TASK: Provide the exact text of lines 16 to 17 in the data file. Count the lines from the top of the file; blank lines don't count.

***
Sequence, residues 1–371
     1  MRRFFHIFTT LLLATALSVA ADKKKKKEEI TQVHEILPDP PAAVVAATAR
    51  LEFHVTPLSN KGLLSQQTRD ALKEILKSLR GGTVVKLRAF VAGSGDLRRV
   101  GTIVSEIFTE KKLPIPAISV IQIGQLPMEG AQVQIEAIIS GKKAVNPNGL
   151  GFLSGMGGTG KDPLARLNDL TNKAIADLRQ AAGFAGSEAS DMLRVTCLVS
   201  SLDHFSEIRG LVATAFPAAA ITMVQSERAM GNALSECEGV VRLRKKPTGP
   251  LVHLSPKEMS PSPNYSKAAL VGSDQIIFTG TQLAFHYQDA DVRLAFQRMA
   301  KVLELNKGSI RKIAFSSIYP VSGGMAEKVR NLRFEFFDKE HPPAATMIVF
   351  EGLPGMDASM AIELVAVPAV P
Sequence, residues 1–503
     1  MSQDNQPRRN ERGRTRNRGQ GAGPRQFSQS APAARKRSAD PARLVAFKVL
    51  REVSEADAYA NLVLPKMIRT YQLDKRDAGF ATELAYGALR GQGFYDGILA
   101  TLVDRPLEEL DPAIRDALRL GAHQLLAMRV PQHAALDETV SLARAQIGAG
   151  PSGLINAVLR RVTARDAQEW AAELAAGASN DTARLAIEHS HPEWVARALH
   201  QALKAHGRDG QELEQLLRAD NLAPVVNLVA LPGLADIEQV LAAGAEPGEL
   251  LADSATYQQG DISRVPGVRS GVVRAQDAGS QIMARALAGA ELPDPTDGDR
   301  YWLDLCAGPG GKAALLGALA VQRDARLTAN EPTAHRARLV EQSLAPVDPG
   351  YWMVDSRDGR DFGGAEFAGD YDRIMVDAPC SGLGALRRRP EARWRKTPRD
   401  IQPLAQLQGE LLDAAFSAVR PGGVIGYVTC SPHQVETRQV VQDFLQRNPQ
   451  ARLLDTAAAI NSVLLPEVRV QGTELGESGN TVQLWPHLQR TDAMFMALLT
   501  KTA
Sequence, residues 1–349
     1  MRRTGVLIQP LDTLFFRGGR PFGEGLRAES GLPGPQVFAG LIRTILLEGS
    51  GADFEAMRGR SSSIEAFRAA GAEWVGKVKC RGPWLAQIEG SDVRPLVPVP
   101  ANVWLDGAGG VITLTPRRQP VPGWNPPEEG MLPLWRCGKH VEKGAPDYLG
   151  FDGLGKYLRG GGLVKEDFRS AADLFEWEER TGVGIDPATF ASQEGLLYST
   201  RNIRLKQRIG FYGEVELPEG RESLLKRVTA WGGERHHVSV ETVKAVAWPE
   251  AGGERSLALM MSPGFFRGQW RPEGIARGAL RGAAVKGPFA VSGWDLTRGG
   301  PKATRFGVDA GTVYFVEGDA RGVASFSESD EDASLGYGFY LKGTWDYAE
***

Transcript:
   251  LADSATYQQG DISRVPGVRS GVVRAQDAGS QIMARALAGA ELPDPTDGDR
   301  YWLDLCAGPG GKAALLGALA VQRDARLTAN EPTAHRARLV EQSLAPVDPG